According to media reports have suggested airports in Lahore, Karachi, Islamabad, and Quetta have been closed for commercial flights.
Flightrader has also confirmed that air traffic in India and Pakistan has been affected and flights are either facing delays or suspended on both sides of the border.
“International flights that transit between Indian and Pakistani airspace now being affected. Some flights returning to origin, while others appear to be seeking alternate routing,” the tweet read.
International flights that transit between Indian and Pakistani airspace now being affected. Some flights returning to origin, while others appear to be seeking alternate routing. https://t.co/sXbkX0qrGI pic.twitter.com/tojnJCii4w
— Flightradar24 (@flightradar24) February 27, 2019
Meanwhile, the Civil Aviation Authority (CAA) has also confirmed that Pakistani airspace has bee officially closed amid the escalating tension.
— CAA Pakistan (@AirportPakistan) February 27, 2019
The CAA had previously warned travelers that PIA flights may be affected amid the tense security situation.
Attention! As a precautionary measure, PIA flights may be affected due to closure of Pakistan Commercial Air Space. For details please call our universal helpline +92 021 111 786 786. #PIA #Pakistan pic.twitter.com/WKIEi5E0Fj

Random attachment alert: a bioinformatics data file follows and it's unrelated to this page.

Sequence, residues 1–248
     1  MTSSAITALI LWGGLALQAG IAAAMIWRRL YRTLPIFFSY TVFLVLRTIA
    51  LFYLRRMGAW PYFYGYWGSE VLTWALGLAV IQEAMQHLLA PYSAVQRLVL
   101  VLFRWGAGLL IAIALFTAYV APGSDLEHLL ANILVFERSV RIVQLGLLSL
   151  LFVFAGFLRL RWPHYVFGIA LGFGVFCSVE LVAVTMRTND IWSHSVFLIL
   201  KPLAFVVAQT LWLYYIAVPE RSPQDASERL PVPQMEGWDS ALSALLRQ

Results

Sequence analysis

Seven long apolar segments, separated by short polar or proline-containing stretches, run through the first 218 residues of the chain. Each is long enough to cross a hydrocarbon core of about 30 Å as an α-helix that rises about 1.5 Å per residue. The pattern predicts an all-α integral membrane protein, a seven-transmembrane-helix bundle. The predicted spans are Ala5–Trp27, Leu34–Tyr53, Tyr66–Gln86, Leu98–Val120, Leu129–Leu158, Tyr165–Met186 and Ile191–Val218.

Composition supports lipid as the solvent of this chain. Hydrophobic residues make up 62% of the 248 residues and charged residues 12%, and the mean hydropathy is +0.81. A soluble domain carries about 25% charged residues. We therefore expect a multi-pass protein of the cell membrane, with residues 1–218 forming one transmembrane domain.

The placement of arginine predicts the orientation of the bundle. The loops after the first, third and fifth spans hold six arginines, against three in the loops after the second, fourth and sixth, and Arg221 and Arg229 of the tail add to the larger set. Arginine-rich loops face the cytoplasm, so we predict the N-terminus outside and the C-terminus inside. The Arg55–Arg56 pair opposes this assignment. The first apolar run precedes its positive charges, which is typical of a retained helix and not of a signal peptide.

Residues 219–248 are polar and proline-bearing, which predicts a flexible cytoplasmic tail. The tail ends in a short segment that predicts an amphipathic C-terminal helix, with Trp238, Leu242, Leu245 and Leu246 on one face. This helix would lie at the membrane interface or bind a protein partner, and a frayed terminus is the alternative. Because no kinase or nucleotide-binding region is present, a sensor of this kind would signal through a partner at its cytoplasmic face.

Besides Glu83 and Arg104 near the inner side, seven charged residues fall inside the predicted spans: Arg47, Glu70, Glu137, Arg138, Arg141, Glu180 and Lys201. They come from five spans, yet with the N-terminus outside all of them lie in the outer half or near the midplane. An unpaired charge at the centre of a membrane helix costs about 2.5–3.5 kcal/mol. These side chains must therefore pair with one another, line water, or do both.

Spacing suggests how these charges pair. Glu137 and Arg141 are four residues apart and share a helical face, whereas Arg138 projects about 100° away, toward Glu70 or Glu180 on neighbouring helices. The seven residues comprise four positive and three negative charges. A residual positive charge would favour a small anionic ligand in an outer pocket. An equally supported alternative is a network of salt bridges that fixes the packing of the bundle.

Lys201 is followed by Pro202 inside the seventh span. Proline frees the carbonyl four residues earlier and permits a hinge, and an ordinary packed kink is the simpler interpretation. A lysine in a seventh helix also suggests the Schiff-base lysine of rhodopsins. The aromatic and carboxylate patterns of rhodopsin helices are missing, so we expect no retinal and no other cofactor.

— PIA (@Official_PIA) February 27, 2019
India has also confirmed closure of various airports and airfields following Pakistan Air Force’s (PAF) response to Indian intrusion.
As per reports from the Indian media, airfields of Srinagar, Jammu, Leh, Chandigarh, Shimla, Amritsar and Pathankot have been closed.
According to Times of India, part of Indian airspace is facing closure as multiple commercial flights have been put on hold.
It is worth mentioning here that PAF on Wednesday morning shot down two Indian aircraft trying to enter Pakistani airspace.
One of the jet aircraft fell in Azad Kashmir while the other crashed on Indian Occupied Kashmir.
ISPR has confirmed arresting one Indian pilot while others are at large in the area.
The Foreign Office’s spokesman said the response was in self-defense and that Pakistan doesn’t want any escalation.